Not counting the time spent on redoing things after cryptic error messages, I got a clean start-over as described above, and everything went smoothly afterwards. So then, from that point onwards, the first compile (cairo) ran for about 12.5 hours, and took care of a lot of the dependencies for the other compiles. The samba47 compile then ran for a little over 1.5 hours, the mate-base compile then took just under 4.0 hours, and the xorg compile took about 1.5 hours. Note that this is for mate-base and not the complete mate "meta" package. I still need to add mate-terminal to get what I want, and maybe a few other things, and I'm still not sure if I'm even going to use it. As I mentioned before, I like kde5 and the only reason I'm not using it instead of Mate is because it's too memory hungry for a server front-end. For a server-less desktop-only system I would definitely use kde5 instead. There is no window-dragging latency problem with kde5 on my machine, and in fact of all the DEs I've tried, including xfce, lxde, and Enlightenment, only Mate has exhibited this latency problem. As for kde5 it's accurately described as a bit of a cpu and memory hog but it still runs remarkably well on this ancient i386 machine with only 2 cpus, 3 GB RAM, a 2.8 GHz processor speed and 800 Mhz bus speed. Great DE, and I really like the look and feel using the Oxygen theme.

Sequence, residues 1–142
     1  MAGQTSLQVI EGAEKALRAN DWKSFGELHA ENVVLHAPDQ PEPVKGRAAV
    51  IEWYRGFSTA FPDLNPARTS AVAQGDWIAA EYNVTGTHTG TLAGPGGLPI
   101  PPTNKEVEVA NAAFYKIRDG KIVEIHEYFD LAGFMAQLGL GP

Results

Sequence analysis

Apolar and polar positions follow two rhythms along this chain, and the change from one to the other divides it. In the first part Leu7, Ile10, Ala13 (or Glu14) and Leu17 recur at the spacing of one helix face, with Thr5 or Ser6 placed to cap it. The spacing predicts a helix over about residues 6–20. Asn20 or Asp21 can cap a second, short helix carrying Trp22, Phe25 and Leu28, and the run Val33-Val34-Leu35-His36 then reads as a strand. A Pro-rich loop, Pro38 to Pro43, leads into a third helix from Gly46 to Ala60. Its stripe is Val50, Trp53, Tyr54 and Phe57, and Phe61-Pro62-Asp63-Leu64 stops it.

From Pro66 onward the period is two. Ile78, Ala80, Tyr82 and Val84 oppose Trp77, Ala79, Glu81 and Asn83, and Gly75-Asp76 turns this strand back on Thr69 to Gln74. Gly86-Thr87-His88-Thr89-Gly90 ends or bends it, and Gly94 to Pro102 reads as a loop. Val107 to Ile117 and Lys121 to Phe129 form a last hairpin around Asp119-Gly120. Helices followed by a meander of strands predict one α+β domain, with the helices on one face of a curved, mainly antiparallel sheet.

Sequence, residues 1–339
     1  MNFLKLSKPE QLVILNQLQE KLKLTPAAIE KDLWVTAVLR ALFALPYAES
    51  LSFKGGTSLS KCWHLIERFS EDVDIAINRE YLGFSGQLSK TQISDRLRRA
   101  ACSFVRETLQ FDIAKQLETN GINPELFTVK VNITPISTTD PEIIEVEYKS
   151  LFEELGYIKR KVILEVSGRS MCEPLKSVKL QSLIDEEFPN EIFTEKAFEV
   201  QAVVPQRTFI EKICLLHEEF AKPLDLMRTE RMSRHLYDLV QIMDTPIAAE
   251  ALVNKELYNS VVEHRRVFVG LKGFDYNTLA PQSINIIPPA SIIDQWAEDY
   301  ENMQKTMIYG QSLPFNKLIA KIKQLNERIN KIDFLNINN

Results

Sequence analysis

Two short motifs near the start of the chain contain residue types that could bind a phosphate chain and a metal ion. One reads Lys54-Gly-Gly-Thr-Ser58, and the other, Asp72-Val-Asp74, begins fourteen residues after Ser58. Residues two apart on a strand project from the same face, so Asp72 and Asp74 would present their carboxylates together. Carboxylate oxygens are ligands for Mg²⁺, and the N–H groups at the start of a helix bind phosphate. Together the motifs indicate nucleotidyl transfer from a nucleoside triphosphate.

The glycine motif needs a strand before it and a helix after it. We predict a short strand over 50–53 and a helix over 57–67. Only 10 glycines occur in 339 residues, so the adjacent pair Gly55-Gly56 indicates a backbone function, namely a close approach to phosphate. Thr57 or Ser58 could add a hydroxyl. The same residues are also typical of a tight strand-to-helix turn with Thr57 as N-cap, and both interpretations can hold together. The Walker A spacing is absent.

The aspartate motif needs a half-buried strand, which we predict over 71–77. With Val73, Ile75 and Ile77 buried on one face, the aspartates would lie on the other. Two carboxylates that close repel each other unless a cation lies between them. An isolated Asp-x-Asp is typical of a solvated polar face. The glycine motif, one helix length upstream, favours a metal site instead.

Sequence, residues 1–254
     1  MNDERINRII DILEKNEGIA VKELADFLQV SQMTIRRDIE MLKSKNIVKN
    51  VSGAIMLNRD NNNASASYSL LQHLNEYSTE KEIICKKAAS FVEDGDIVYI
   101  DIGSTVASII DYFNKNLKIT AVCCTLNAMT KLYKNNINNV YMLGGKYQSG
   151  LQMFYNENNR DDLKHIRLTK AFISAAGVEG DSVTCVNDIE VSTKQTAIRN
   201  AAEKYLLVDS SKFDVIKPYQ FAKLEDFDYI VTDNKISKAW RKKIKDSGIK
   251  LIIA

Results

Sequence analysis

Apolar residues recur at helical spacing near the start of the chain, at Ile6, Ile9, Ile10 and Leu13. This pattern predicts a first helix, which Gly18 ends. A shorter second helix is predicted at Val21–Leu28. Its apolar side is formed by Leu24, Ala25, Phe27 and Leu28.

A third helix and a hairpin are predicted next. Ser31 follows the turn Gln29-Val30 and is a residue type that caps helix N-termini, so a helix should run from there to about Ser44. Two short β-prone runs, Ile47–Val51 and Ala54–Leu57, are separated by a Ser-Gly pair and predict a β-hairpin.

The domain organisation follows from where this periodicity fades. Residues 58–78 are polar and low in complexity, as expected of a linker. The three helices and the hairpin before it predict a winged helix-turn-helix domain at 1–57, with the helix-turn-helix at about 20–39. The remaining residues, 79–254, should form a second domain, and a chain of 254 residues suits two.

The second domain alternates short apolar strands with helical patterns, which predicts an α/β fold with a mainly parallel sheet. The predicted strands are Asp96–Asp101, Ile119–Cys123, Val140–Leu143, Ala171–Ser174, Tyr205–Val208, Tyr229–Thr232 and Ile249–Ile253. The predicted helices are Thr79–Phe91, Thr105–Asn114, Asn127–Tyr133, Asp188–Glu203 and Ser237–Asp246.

Edit to add: one more thing, when I did the compiles I used make config-recursive before running make install clean in order to set all the options in advance. It would take much longer if I omitted that step. Out of time for now, good luck & ttyl
 
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#22
The fix suggested by this compiler output made the libgtop errors go away for me:
Code:
===>  Installing for libgtop-2.38.0_1
===>  Checking if libgtop already installed
===>   Registering installation for libgtop-2.38.0_1 as automatic
Installing libgtop-2.38.0_1...
===============================================================================

In order to use the File System read/write monitor, you must chmod
/dev/devstat so that all users can open it read-only.  For example:

# chmod 0444 /dev/devstat

In order for this to persist across reboots, add the following to
/etc/devfs.conf:

perm    devstat 0444

===============================================================================

===> SECURITY REPORT:
      This port has installed the following files which may act as network
      servers and may therefore pose a remote security risk to the system.
/usr/local/bin/libgtop_daemon2

      If there are vulnerabilities in these programs there may be a security
      risk to the system. FreeBSD makes no guarantee about the security of
      ports included in the Ports Collection. Please type 'make deinstall'
      to deinstall the port if this is a concern.